On May 12th, 2018, thousands of protesters gathered in front of the Parliament building in Tbilisi, the capital of the Republic of Georgia, beginning the day with a demonstration that closely mirrored standard form: angry youth, handmade posters, and a ceaseless commitment to a cause. The protest was a response to a raid on Tbilisi’s famous techno club, Bassiani — an underground hub for the bustling youth culture that challenges the norms of gender, fashion, and expression in the former Soviet nation.
Though the raid targeted drug use at the club, protesters flooded the streets of the capital in demonstration against the inhumane and severe punishments for recreational drugs such as marijuana. The crowd choose dance over violence: the night was celebrated as a movement for more legislative freedom in the developing nation, and demonstrators danced in the street to loud music to showcase their desire for a country where fair legislature and unbiased court procedure is not suppressed.
On July 30th, 2018, the Georgia’s Constitutional Court abolished “administrative punishment” for the consumption of marijuana, making it the first former Soviet nation to legalize the use of the drug. Though cultivation and sales remain a crime, the ruling does indicate a shift in the heavily Orthodox culture: supporters of the movement believe that the consumption of marijuana is not a social threat, and that the narco-politics of Georgia have heavily stalled its development due to the severe punishments received by violators of the now abolished law (with some users facing up to 14 years in prison). The policies that preceded the legalization were often used to justify police raids such as the aforementioned Bassiani raid and overt corruption within the countries police departments.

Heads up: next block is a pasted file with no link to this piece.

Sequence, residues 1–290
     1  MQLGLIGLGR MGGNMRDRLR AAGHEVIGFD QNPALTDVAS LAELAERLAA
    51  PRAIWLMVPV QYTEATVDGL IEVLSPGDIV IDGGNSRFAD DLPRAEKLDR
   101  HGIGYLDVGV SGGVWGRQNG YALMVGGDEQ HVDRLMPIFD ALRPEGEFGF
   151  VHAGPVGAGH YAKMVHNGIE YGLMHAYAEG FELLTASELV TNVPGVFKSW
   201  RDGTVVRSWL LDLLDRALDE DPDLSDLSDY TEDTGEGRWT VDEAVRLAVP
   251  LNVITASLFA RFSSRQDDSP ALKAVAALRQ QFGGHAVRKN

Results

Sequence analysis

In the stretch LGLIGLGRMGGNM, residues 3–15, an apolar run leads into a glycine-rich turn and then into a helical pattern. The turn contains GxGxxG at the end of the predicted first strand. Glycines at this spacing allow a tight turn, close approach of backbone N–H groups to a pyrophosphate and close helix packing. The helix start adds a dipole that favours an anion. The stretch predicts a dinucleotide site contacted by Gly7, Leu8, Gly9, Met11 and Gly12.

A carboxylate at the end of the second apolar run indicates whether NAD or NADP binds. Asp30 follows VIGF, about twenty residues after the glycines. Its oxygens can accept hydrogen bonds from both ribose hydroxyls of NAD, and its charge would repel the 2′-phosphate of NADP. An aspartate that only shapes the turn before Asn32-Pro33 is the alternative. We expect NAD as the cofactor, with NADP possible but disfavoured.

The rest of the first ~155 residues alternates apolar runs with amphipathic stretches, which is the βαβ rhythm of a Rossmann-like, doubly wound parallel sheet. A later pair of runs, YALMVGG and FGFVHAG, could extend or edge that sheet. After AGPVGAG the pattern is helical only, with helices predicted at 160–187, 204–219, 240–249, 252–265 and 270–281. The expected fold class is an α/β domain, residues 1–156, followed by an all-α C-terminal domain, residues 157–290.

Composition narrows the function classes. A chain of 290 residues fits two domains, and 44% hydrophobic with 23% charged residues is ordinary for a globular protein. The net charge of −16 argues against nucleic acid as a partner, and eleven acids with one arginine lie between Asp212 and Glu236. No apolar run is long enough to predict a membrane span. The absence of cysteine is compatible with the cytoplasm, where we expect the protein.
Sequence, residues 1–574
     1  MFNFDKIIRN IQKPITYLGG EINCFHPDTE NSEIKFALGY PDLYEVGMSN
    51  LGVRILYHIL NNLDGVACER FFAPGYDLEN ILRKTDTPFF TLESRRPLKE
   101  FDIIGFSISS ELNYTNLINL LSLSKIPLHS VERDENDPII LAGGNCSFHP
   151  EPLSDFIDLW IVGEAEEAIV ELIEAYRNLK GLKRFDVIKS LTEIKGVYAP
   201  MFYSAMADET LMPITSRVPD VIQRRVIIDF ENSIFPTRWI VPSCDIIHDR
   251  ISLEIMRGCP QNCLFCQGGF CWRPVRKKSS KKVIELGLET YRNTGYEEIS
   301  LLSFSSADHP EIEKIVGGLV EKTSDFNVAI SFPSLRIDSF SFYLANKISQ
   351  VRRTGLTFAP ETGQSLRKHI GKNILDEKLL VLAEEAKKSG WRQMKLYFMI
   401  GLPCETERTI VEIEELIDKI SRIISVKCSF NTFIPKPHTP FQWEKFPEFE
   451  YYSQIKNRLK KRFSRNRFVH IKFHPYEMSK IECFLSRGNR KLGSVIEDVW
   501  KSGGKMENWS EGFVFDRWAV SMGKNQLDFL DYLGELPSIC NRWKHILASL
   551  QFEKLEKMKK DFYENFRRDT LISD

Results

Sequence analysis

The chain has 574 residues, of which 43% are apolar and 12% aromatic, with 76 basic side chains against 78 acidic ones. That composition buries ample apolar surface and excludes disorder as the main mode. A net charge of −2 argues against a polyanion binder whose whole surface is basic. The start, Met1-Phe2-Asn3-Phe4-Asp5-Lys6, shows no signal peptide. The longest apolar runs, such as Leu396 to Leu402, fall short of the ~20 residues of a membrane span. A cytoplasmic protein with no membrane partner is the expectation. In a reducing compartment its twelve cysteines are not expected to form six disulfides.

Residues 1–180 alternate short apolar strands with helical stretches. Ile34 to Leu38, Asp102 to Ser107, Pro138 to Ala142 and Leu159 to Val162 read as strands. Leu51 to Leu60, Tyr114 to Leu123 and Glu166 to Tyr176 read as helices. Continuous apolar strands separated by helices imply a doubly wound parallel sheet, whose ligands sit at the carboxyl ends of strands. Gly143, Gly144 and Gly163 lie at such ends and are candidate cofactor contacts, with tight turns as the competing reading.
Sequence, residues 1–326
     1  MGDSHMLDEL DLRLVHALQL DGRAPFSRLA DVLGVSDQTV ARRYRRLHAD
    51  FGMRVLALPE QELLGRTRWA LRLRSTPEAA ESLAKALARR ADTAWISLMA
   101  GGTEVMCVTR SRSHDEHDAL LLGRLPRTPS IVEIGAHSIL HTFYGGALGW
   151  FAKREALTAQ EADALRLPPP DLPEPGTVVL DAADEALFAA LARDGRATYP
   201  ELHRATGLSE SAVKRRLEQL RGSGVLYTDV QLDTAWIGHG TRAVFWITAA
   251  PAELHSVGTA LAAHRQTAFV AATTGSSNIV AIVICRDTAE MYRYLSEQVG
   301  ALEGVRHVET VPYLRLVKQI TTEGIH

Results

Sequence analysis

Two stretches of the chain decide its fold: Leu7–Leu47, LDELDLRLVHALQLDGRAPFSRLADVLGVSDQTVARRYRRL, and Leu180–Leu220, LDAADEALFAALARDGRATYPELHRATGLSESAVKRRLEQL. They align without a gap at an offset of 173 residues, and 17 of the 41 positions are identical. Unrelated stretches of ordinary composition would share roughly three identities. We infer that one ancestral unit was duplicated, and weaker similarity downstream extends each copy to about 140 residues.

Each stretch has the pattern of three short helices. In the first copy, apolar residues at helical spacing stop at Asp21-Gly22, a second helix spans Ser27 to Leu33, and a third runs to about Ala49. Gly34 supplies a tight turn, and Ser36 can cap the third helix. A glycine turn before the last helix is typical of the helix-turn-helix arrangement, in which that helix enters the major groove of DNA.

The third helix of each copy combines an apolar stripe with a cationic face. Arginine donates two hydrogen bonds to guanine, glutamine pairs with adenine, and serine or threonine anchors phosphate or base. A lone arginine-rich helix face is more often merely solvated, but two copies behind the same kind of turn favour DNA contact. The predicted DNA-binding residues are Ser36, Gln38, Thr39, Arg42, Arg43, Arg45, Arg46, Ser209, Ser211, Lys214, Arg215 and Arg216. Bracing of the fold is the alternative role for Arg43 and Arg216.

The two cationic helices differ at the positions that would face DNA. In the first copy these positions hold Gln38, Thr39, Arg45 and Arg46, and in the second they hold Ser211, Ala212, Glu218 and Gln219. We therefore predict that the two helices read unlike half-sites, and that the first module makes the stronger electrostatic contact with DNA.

Voice of America reports that Zurab Japaridze, the leader of the libertarian Girchi party, stated that the legalization was a means of achieving freedom: “It is a liberal understanding of the idea of freedom, when a person is free in his/her actions, given it does not pose a risk to others. Nobody can send you to prison or fine you for smoking cannabis.” Though this may seem as a small moment of victory for supporters of recreational marijuana — especially when considering the thriving nightlife of Tbilisi — this is an indicator of a far more long term shift in Georgian democracy: not only were the voices of protesters listened to, but a libertarian party that has yet to achieve true political clout within a nation heavily reliant on familiarity (with the primary party, Georgian Dream, having much of the sway within the legislature) was able to push an agenda within the Constitutional Court.